Applicants not planning an independent clinical trial, or proposing to gain research experience in a clinical trial led by another investigator, must apply to companion FOA (FOA PAR-18-490).
- K Series Deadlines: Feb. 12, Jun. 12, Oct. 12.
- AIDS Deadlines: Jan. 7, May 7, Sep. 7.
PAR-18-486 Expiration Date: New Date New Date May 8, 2021 per issuance of NOT-NS-20-068. (Original Expiration Date: January 8, 2021)
The overarching goal of this FOA is to enhance the pool of independent neuroscience research investigators from diverse backgrounds.
Candidates (as defined in eligiblity category A and/or B below) with the skills, knowledge, and resources necessary to carry out the proposed research as the Program Director/Principal Investigator (PD/PI) are invited to work with his/her mentor(s) and organization to develop an application for support. For the purposes of this FOA individuals from underrepresented racial and ethnic groups as well as individuals with disabilities are the only eligible individuals for this award. Multiple PDs/PIs are not allowed.
Fostering diversity in the scientific research workforce is a key component of the NIH strategy to identify, develop, support and maintain the quality of our scientific human capital (NOT-OD-15-053).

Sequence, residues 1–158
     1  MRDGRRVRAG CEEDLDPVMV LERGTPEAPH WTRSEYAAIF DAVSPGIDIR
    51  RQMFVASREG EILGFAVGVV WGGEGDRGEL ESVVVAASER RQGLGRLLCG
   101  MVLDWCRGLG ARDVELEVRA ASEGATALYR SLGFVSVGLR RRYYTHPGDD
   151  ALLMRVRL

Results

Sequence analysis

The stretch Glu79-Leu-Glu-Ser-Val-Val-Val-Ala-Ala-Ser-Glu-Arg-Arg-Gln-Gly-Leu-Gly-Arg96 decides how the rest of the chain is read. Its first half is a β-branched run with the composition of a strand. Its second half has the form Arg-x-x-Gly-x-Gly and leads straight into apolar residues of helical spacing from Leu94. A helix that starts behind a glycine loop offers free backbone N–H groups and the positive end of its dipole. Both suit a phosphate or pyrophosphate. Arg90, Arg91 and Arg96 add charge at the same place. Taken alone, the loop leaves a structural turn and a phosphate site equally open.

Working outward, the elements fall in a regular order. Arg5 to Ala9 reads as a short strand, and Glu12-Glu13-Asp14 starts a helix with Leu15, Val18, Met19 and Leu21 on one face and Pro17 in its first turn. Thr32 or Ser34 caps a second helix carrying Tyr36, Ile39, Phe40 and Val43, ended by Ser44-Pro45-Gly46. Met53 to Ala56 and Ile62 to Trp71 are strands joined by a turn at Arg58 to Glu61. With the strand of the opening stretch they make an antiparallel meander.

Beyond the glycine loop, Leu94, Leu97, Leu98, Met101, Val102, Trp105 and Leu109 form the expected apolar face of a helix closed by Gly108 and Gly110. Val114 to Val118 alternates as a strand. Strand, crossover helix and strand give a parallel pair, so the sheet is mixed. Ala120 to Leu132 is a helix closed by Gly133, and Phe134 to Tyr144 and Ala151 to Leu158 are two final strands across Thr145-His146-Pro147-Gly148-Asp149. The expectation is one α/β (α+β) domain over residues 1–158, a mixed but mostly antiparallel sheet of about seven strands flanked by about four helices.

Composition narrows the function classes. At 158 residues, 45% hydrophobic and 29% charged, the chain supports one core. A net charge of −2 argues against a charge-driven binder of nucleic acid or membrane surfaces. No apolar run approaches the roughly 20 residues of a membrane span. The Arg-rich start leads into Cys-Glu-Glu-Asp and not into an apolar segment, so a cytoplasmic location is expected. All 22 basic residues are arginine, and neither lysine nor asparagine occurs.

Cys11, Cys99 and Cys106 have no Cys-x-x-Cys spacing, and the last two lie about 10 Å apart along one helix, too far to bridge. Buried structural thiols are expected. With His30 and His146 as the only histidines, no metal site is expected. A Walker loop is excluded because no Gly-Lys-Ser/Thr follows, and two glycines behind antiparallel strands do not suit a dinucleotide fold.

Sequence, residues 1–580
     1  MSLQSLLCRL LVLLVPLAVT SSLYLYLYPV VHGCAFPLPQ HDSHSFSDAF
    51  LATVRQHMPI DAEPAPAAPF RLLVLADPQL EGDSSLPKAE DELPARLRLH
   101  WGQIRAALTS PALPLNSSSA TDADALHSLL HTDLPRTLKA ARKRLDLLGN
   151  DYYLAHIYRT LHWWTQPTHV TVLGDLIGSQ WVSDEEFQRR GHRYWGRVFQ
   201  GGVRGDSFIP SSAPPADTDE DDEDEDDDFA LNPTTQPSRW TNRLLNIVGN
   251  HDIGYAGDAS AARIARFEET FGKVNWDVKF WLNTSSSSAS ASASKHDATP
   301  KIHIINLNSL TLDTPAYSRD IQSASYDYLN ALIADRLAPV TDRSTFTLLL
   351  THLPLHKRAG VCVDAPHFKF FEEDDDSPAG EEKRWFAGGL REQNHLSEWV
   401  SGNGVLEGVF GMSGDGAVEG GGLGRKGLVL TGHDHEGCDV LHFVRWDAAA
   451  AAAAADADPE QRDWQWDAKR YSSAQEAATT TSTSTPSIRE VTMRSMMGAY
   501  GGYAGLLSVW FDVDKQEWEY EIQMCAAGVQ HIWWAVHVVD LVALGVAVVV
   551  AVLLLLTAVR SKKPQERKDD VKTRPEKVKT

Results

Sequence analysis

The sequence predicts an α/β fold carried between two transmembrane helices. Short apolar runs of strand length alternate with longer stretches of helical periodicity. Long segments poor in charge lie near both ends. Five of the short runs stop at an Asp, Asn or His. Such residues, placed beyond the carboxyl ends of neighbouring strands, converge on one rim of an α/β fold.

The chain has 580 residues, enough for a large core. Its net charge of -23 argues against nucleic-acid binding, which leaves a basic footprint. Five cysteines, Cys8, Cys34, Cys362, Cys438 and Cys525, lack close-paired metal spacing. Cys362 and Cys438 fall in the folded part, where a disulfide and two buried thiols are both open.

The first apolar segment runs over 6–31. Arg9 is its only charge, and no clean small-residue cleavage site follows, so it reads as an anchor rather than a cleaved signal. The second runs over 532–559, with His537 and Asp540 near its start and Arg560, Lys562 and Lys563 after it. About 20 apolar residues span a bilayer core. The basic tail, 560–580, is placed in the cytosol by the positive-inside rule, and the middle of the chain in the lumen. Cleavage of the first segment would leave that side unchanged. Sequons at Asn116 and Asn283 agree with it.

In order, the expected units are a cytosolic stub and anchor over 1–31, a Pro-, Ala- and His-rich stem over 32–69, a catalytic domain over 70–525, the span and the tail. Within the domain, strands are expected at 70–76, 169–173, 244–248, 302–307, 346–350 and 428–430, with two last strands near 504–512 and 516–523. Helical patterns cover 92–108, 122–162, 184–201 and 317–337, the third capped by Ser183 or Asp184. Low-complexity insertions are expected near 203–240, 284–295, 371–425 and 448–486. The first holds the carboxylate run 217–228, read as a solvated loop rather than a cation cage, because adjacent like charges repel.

Every facet of the United States scientific research enterprise—from basic laboratory research to clinical and translational research to policy formation–requires superior intellect, creativity and a wide range of skill sets and viewpoints. NIH’s ability to help ensure that the nation remains a global leader in scientific discovery and innovation is dependent upon a pool of highly talented scientists from diverse backgrounds who will help to further NIH's mission.
Research shows that diverse teams working together and capitalizing on innovative ideas and distinct perspectives outperform homogenous teams. Scientists and trainees from diverse backgrounds and life experiences bring different perspectives, creativity, and individual enterprise to address complex scientific problems. There are many benefits that flow from a diverse NIH-supported scientific workforce, including: fostering scientific innovation, enhancing global competitiveness, contributing to robust learning environments, improving the quality of the researchers, advancing the likelihood that underserved or health disparity populations participate in, and benefit from health research, and enhancing public trust.